It feels surreal that we’re still 12 days away from Olivia’s due date but we’ve gotten to spend the last almost 3 weeks with her. Time really needs to slow down! Today, I wanted to share our birth story. Fair warning, I get reallllllly personal with all the details, so if you aren’t into that, then go ahead and skip this post!
I personally love reading other Mama’s birth stories and it helped me feel more prepared for labor and birth. Olivia’s birth definitely kept us on our toes and was nothing like I had imagined… which is why I am SO glad I didn’t have much of a “birth plan” other than making sure my baby got here safely! It was a wild ride that ended in the best gift in the entire world- our happy and healthy baby girl!
Before getting into the day she was actually born, let’s back up to my third trimester to set the scene. I was very blessed to have a pretty easy pregnancy overall. I never had morning sickness, I didn’t have any complications, and it was generally a pretty “textbook” easy pregnancy. It is not lost on me how lucky I am for this! But fast forward to the 33rd week in my third trimester and after feeling amazing throughout my entire pregnancy, things started to get a bit more difficult. Up until this point I had been pretty active, done a decent amount of traveling, and was keeping up with my old pace of life for the most part but when the 33rd week hit my body started telling me to majorlyyyy slow down. The first sign was how easily I’d get out of breath from doing just about anything. I started to need help getting off the couch because my belly felt huge, and the hardest symptom was the swelling. My fingers looked like sausages (my wedding/engagement ring couldn’t even come close to fitting) and my feet grew 3 shoe sizes and were so full of fluid it became uncomfortable to stand for more than a few minutes. All of the sudden this picture perfect pregnancy started to feel HARD.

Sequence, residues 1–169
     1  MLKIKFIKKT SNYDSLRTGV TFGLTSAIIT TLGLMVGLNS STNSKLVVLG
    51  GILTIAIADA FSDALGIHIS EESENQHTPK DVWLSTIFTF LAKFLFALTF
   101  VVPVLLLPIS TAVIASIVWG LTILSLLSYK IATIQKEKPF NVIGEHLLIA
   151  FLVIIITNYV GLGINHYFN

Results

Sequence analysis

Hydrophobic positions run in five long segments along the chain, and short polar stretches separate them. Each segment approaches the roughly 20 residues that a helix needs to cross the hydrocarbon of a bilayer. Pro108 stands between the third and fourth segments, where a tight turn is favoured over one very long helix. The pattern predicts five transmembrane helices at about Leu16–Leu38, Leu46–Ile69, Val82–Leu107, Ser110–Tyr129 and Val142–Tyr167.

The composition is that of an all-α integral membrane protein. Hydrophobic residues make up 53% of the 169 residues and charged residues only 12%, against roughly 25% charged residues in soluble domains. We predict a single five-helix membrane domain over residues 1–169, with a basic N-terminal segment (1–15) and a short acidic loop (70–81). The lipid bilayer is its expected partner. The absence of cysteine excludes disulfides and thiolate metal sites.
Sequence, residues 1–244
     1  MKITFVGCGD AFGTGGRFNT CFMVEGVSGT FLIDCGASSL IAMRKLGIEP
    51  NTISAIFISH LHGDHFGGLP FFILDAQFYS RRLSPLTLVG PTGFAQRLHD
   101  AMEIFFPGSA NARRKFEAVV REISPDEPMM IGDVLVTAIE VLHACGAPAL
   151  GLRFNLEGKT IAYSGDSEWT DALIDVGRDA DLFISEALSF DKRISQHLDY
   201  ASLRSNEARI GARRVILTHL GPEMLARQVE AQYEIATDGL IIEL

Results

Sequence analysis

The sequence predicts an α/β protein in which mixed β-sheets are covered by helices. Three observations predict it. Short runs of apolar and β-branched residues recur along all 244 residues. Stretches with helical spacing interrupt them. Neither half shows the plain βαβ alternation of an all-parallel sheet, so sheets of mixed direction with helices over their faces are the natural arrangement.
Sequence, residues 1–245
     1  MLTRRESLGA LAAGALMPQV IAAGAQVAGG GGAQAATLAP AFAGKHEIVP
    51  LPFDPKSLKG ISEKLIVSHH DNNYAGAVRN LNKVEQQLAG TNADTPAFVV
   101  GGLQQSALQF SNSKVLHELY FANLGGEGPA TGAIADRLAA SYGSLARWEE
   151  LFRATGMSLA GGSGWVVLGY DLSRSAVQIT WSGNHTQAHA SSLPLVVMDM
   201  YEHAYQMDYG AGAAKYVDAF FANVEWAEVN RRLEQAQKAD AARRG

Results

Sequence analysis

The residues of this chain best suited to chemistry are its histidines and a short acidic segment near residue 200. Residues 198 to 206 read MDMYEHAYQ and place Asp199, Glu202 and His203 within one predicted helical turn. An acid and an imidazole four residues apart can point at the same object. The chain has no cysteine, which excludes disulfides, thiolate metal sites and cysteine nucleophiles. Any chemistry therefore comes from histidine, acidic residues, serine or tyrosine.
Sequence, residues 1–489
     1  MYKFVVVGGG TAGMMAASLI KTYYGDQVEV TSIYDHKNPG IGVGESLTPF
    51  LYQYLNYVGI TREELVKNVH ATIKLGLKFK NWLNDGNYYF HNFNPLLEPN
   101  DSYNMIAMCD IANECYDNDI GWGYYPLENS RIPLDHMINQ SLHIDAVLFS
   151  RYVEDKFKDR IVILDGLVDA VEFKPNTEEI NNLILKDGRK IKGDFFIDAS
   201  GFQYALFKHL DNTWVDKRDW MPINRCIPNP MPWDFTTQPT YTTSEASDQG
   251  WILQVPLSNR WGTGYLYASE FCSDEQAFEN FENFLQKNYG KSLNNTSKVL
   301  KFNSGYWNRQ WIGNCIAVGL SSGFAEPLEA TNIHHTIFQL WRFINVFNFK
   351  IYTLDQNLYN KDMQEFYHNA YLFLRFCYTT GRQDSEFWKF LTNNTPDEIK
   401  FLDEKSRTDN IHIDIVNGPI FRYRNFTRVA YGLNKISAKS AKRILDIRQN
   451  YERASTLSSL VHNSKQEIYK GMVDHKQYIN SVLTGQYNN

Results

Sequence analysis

My family had planned a vacation to Folly Beach/Charleston, SC while I was 34-35 weeks pregnant and even though my doctor had cleared me for travel up until I hit week 36, I started to feel nervous about it. Two days before we were scheduled to leave I had an OB appointment and he assured me that everything I was feeling was 100% normal and there were zero signs of me delivering early. He encouraged me to enjoy the last vacation before baby and just advised me to stay hydrated. So that weekend we headed to Charleston and enjoyed the week at the beach with my family. I was able to stay off my feet for the most part (shoutout to my parents for renting me a golf cart so I wouldn’t have to walk anywhere) and we laid on the beach for hours a day. When the ocean was calm enough I even floated in the water and oh man the salt water felt good and gave me temporary swelling relief. By the end of the week I was still feeling ok (very large and swollen but “ok”) and we drove home. On the 5.5 hour drive home I started having some braxton hicks contractions but didn’t think much of it. When we arrived home we dropped our bags, quickly changed, and headed out for a friend’s engagement party that evening.
The next day (Sunday, August 1st) I woke up and felt this urge to get the house cleaned and get everything organized after getting home from our trip. Patrick spent the day doing yard work while I cleaned the inside of the house (laundry, dishes, changed sheets, putting away vacation stuff, etc.). I kept losing my breath and needing to sit down and my feet were killing me, but something told me that I NEEDED to get everything done that day. I thought it was because I had a busy work week ahead of me (I wasn’t scheduled to start maternity leave until August 20th ahead of Baby’s due date on September 2nd) but looking back I know now that this was nesting kicking in HARD.